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--Grant "Homerun" Johnson, quoted in Sol White's Official Baseball Guide
Leaguer of the Month
Homerun Johnson was, along with Pete Hill, one of Black baseball's first sluggers. Although he didn't hit home runs as often as the sluggers of today, it must be remembered that the ball used in the late 1800s and early 1900s wasn't built for flight it was wound less tight, and one ball was sometimes used for an entire game.
Johnson was born in Findlay, Ohio in 1874 and began playing shorstop on the sandlots for the Findlay Sluggers in 1894. There are reports that he blasted 60 home runs that season, though most were probably inside-the-park.
In 1895 Johnson and Bud Fowler formed the Page Fence Giants with Johnson as captain and shorstop.
the next decade, Johnson would play for every one of the powerful early
Black teams, including the Columbia Giants, Cuban X-Giants, Philadelphia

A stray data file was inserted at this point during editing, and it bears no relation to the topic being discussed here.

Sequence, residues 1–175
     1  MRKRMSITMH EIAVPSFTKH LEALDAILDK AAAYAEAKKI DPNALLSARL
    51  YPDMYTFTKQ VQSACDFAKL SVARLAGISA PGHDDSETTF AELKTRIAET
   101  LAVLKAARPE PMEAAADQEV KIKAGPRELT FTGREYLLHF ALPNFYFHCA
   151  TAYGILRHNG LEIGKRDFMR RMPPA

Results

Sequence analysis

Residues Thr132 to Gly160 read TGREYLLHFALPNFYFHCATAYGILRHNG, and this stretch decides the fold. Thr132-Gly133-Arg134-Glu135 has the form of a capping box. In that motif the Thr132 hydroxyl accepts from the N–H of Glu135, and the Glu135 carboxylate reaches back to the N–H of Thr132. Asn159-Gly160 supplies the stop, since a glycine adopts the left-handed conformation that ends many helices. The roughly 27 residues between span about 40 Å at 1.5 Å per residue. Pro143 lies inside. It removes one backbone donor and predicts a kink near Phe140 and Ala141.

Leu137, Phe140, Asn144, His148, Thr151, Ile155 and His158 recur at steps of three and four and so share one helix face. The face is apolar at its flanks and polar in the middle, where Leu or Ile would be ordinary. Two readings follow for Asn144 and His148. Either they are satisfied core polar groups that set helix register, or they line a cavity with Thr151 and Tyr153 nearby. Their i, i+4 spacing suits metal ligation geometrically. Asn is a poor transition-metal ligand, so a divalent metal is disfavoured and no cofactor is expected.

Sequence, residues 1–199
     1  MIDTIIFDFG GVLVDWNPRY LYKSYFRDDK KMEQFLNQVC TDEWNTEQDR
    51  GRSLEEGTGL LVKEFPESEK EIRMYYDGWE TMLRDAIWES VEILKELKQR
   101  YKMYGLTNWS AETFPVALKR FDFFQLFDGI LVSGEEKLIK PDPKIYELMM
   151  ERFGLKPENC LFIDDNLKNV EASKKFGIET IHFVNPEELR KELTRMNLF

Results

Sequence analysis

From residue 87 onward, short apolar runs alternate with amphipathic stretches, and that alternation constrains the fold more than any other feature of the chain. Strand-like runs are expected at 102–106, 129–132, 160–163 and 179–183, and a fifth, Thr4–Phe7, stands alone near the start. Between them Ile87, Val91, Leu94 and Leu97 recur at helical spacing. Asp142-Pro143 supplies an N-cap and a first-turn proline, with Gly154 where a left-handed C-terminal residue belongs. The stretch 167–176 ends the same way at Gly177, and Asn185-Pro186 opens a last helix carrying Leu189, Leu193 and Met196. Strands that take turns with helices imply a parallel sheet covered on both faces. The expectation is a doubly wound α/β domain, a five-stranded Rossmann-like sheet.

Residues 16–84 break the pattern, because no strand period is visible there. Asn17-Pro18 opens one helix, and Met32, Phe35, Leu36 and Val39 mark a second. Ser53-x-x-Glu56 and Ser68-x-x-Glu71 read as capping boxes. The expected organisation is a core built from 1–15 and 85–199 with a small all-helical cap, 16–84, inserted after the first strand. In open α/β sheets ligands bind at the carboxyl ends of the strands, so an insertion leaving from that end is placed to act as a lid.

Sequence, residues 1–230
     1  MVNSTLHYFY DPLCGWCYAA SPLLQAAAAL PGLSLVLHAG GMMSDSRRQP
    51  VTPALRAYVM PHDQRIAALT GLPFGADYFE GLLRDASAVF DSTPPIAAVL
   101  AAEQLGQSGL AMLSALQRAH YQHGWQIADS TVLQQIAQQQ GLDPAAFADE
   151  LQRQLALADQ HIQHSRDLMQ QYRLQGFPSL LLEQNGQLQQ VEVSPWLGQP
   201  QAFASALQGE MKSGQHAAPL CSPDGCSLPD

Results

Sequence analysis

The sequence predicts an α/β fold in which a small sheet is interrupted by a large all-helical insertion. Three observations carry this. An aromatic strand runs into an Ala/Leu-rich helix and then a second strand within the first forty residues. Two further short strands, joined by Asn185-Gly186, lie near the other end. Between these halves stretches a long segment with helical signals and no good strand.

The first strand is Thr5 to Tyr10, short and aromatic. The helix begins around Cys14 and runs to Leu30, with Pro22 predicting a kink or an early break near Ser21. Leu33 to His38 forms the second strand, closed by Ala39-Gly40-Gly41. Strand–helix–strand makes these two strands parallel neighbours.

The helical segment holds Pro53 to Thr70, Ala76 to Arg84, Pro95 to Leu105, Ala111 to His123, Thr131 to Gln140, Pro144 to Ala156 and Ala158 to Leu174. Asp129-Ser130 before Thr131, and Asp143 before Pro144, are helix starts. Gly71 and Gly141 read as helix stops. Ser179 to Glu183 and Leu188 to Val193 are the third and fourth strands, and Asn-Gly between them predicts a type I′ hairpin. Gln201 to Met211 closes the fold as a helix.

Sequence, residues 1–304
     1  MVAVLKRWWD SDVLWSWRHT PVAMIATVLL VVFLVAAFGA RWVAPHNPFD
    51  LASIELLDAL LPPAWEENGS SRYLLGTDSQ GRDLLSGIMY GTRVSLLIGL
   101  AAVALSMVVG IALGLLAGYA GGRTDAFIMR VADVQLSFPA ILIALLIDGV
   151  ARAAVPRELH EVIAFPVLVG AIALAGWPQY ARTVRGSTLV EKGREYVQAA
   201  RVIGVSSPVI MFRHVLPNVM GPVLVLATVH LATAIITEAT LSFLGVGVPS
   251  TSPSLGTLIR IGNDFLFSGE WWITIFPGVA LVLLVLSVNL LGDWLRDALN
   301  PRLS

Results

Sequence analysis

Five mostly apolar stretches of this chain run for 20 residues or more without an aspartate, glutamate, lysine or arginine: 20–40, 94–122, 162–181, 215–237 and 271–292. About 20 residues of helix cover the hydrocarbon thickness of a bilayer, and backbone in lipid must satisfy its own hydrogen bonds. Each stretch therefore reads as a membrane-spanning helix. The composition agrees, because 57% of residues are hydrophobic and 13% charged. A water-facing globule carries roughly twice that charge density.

Giants and Brooklyn Royal Giants.
Johnson was one of the first Americans to play Cuban baseball, and the first American to win the Cuban League batting title when he batted over .400.
In 1910, Johnson was on a team in Cuba that played exhibitions against Major Leaguers. Versus the Detroit Tigers, Johnson batted over .400 and outhit Ty Cobb.
Johnson was considered a large shortstop for the era and used a 50 ounce bat.
Johnson was one of the early "scientific" hitters in baseball, and studied pitchers like Ted Williams would 50 years later. Like Williams, Johnson didn't like to swing at the first pitch, as he liked to see as many pitches as he could in each at bat.
Johnson, unlike Williams, didn't like to swing his hardest, preferring contact over power. With his great strength and heavy bat, Johnson hit homers by accident and not by design.
In most years, Johnson's home run totals were around 10.
When the great shortstops of Negro League history are mentioned, Johnson is sometimes forgotten, but he was an excellent fielder with a great arm, and he hit in the heart of the lineup for the greatest teams of his era.
In 1913, Johnson joined the New York Lincolns and, despite being one of the most popular players of his time, voluntarily moved to second base to make room for rookie John Henry "Pop" Lloyd. Together they formed the greatest doubleplay combination of the time.
Johnson didn't hang up his cleats until 1932, two years shy of his 60th birthday.
*Some information compiled from"The Biographical Enclyclopedia of the Negro Baseball Leagues"